David F. Bischoff (born December 15, 1951) is an American science fiction and television writer who wrote the novels Aliens: Genocide and Aliens vs. Predator: Hunter's Planet.

General Background[]

Born in Washington D.C. and now living in Eugene, Oregon, Bischoff writes science fiction books, short stories, and scripts for television. Though he has been writing since the early 1970s, and has had over 80 books published, Bischoff is best known for novelizations of popular movies and TV series including the Gremlins, Star Trek: The Next Generation and WarGames.

Early career[]

Bischoff began writing science fiction, and reviews of the genre while studying at the University of Maryland. His first publications were at Thrust, a fanzine offering science fiction commentray and criticism. The editor, Doug Fratz, later turned Thrust into a trade magazine, where Bischoff was a regular contributor.[1]

His first novel, The Seeker was published in 1976, and in 1978 Bischoff wrote Tin Woodman, a notable short story nominated for a Nebula Award in that year,[2] and later adapted into both a novel and TV episode for Star Trek: The Next Generation.

Movies and Television[]

Bischoff has worked on various television series such as Star Trek: The Next Generation, where he wrote the episodes "Tin Man" and "First Contact" (not to be confused with the Star Trek movie First Contact). He also wrote the Star Trek tie-in novel Grounded, which spent time on the bestseller list.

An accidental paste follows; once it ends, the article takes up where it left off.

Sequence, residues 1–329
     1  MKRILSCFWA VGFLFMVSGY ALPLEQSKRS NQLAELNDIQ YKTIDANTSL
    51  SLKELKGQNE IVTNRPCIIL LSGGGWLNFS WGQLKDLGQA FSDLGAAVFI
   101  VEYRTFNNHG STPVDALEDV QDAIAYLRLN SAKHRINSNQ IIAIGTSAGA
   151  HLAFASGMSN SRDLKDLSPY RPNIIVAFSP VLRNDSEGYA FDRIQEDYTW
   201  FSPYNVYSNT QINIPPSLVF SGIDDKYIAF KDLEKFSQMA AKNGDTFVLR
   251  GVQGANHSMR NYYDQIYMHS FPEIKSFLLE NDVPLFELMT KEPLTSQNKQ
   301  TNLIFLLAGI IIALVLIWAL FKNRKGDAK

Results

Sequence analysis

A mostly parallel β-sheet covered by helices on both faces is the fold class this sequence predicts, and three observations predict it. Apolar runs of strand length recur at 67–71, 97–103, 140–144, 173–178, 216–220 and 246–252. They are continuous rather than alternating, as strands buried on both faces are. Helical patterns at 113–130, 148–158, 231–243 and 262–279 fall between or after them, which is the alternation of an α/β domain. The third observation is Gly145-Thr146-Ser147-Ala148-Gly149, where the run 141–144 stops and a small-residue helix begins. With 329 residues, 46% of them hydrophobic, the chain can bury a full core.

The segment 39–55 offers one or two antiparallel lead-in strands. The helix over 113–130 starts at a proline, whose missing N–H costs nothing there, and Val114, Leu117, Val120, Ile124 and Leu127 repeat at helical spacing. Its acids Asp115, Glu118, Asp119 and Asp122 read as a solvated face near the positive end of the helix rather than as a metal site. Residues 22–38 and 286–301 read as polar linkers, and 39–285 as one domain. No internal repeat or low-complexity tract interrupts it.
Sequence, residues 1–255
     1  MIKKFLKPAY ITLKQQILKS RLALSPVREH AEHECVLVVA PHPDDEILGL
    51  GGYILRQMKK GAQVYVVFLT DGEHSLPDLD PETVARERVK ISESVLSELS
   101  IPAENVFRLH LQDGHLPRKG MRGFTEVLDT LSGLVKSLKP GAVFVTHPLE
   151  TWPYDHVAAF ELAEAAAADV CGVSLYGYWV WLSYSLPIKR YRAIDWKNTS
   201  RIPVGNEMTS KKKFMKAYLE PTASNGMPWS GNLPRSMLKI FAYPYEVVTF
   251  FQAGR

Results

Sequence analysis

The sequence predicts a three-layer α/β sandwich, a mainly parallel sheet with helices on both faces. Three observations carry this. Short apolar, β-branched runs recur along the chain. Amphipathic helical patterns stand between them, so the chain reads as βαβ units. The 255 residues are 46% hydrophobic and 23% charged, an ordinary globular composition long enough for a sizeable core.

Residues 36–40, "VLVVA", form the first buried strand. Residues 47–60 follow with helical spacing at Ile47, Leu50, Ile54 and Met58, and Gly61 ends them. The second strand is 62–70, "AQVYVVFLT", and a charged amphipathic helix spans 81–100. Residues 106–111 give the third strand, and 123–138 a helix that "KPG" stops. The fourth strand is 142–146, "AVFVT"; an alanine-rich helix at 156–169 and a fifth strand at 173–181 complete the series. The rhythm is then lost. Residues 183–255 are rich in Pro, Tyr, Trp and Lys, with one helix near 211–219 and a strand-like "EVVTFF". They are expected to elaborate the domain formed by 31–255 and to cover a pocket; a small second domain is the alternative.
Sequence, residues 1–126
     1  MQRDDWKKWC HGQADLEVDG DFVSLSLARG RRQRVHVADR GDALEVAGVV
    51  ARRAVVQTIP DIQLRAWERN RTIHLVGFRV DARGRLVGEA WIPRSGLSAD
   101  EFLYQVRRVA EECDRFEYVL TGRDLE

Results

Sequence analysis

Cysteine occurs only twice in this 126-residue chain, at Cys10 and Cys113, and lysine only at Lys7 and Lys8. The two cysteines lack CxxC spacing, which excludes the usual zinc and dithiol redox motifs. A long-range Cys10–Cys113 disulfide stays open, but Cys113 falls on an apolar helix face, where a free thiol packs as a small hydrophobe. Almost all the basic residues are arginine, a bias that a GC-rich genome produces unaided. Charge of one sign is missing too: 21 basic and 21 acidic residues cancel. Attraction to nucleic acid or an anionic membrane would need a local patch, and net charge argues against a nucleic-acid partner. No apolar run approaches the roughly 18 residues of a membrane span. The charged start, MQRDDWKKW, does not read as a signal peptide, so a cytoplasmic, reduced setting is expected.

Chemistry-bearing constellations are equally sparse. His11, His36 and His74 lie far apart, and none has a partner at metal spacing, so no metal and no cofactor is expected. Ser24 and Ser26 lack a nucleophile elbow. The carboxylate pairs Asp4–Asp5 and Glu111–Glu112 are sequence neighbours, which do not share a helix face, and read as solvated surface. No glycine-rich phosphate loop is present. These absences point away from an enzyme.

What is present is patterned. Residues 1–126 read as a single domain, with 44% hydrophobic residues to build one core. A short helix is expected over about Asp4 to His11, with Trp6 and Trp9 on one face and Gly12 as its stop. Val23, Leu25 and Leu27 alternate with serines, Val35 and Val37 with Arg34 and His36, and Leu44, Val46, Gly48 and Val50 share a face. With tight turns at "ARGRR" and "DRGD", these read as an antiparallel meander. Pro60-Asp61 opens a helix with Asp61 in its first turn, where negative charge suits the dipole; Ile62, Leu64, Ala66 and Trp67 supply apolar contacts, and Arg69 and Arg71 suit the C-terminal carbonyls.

Other TV work included Dinosaucers (with Ted Pedersen) produced by DIC Entertainment. His interest in dinosaurs led him to write the second of 24 books in the Time Machine series, Search for Dinosaurs, which is actually about finding Archaeopteryx, the first bird.

In addition to some seventy-five original novels, Bischoff has written tie-in novels for well known Movies and TV series such as Alien, Alien vs. Predator, Farscape, Gremlins, Space Precinct, SeaQuest DSV and Jonny Quest. He has also written show-business related nonfiction under a variety of pen names.


Bischoff teaches creative writing at Seton Hill University, Pennsylvania, in an innovative low-residency Master's degree program in Writing Popular Fiction.



  1. Micahel Ashley. Gateways to Forever: The Story of the Science-Fiction Magazines from 1970 to 1980 Volume 3, p. xix (2007), Liverpool University Press.
  2. Nebula Nominee's 1978

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